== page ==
Court: ‘Precious Little’ Evidence That Requiring Proof of Citizenship to Vote Would Do Anything
The D.C. Court of Appeals issued an opinion on Monday on a matter involving states requiring proof of citizenship. The federal voter registration form does not demand proof, but it does allow states to request certain requirements of their own. Alabama, Georgia, and Kansas requested that proof of citizenship be required, and a member of the Election Assistance Commission (EAC) granted their requests.
When voting rights groups and two individuals sued, seeking an injunction against the new rule, a U.S. District Court turned them down, saying that the rule didn’t cause irreparable harm. But the Court of Appeals ruled in a 2-1 decision that there doesn’t appear to be a good enough reason to require proof of citizenship, so they reversed the lower court’s decision and granted the injunction barring the requirement. The case as a whole still needs to be decided before a final ruling is issued, but the Court of Appeals felt that the states were not likely to win on the merit, which was one of the factors they used in making their decision.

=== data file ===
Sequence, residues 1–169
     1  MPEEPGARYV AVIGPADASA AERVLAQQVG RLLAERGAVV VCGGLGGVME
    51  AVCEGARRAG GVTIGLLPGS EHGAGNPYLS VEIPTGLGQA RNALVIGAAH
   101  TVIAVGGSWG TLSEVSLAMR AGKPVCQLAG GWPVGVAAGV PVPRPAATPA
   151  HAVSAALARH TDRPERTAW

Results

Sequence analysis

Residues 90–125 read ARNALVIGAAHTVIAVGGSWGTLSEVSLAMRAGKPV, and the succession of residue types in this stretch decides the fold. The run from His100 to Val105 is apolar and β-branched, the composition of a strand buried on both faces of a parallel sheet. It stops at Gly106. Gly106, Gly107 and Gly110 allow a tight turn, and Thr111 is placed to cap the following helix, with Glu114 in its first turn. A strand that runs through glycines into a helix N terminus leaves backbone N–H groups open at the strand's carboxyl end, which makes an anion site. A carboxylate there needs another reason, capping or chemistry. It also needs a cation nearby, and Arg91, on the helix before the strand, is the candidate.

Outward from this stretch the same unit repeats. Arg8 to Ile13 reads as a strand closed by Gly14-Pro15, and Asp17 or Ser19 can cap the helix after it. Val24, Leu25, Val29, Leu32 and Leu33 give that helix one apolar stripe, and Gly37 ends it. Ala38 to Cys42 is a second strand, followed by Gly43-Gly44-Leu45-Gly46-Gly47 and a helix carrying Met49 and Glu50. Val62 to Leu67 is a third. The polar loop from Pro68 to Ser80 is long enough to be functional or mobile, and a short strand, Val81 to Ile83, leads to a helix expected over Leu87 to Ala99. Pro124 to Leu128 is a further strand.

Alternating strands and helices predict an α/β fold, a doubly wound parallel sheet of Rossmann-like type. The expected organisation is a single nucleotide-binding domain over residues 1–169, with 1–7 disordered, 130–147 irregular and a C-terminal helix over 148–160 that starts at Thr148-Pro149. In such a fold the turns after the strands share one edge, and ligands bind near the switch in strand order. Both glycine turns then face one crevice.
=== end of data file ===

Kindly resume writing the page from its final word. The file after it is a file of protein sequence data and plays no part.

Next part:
The court acknowledged that the states have a”compelling interest” in upholding the integrity of elections. However, they said that it “is disputable … whether an injunction would actually do much, if any, harm to that interest.” The decision said that if an injunction lifting the proof of citizenship requirement led to voter fraud, that would undermine the election process, but there’s “precious little record evidence that it would do so.” The court cited Kansas’ letter requesting the requirement, which said that between 2003 and 2015, only one non-citizen attempted to register to vote using the federal form. Kansas and Arizona both tried to get the proof requirement added in 2014, even though — as the court points out — ” a tiny fraction of one percent” of their registered voters were non-citizens.
Because requirements like this would need to be deemed necessary in order to be added to the federal form, the Court of Appeals ruled against it.
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